One is Bricusse's marvelous score. Besides the Academy Award-winning "Talk to the Animals," he includes two other showcase pieces for star Rex Harrison's trademark "powerful patter" delivery, the humorous "Vegetarian" and the impassioned "Like Animals." Other up-tempo winners are "I've Never Seen Anything Like It" (brilliantly put across by Richard Attenborough--the twinkle never leaves his eye!--in what amounts to an extended cameo as wily circus-master Albert Blossom) and "Faraway Places," while tender ballads "When I look in Your Eyes" and "Beautiful Things" are very affecting. And if "After Today" seems to have been pulled from the trunk of another show by mistake, the other Anthony Newly numbers--including "My Friend the Doctor" and "This is the World of Doctor Dolittle" (as well as the lovely "Where are the Words," which is on my soundtrack album but not in the video)--are spot on.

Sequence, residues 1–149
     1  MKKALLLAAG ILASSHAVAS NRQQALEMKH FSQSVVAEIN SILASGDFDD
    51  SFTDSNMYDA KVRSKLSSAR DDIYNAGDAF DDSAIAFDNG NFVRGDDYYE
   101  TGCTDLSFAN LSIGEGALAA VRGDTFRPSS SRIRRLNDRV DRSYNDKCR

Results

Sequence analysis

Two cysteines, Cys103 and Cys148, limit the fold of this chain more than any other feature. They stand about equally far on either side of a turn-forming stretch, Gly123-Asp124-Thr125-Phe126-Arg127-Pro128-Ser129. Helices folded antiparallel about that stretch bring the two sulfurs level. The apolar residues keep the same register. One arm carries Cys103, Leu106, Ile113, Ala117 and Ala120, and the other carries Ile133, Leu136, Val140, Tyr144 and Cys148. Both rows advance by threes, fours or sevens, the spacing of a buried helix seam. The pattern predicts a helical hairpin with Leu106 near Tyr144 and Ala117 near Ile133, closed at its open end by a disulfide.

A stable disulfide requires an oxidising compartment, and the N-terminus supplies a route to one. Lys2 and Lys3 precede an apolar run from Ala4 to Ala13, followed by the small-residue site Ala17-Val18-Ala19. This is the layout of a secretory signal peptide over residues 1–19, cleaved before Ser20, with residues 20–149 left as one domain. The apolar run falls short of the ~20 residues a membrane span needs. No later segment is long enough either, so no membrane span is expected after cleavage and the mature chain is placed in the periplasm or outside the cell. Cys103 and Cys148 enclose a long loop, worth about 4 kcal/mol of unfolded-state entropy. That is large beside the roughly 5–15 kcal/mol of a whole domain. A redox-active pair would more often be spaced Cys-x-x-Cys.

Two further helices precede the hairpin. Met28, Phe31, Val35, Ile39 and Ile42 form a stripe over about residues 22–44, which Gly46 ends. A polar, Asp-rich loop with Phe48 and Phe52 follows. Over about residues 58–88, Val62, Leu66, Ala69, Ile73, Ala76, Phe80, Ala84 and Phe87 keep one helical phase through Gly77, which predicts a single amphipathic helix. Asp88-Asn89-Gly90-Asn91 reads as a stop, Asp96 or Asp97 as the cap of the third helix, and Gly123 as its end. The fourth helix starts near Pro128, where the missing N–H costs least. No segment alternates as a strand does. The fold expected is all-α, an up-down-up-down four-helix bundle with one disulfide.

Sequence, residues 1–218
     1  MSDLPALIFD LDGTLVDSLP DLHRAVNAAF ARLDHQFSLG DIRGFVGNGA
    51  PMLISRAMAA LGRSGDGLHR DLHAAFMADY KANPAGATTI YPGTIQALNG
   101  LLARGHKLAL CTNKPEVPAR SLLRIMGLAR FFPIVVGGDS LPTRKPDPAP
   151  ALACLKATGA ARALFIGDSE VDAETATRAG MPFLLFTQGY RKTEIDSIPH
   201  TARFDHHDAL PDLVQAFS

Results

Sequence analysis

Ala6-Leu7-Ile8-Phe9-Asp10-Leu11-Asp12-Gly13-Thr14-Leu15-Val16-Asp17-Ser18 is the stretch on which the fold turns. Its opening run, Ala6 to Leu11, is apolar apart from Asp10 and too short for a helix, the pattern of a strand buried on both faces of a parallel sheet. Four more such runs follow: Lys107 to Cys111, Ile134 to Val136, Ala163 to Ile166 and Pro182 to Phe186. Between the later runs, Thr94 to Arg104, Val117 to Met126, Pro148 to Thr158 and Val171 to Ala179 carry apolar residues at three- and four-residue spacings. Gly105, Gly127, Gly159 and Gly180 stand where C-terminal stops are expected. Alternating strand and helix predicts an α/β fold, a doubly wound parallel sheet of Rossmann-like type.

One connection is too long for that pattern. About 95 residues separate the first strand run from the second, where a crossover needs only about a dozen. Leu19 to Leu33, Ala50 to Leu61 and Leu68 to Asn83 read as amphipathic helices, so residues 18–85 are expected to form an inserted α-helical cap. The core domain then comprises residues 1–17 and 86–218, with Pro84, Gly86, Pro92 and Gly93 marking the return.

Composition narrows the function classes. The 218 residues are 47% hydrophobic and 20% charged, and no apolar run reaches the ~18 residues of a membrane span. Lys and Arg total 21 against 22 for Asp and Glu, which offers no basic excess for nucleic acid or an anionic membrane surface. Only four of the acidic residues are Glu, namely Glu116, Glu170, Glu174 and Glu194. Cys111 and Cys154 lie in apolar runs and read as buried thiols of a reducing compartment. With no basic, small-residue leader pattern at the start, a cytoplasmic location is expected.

Another pleasure is the cast. As the Doctor, Harrison is wonderful, of course. The film was originally conceived as a reunion project for him and composing team Lerner & Lowe, who'd written "My Fair Lady," and it's clear that the part was written for the star. But I'm impressed that eventual Lerner & Lowe stand-in Bricusse, though he was obviously influenced by "My Fair Lady," resisted what had to be the temptation to turn the main character into Henry Higgins--and that Harrison also didn't see the gig as a mere Higgins reprise. The charming Doctor--kind to animals, children, and people from all walks of life; educated and capable but somehow sweetly clueless at the same time; gentle but rousable to anger on behalf of his charges--is a different character, and Harrison gets him right.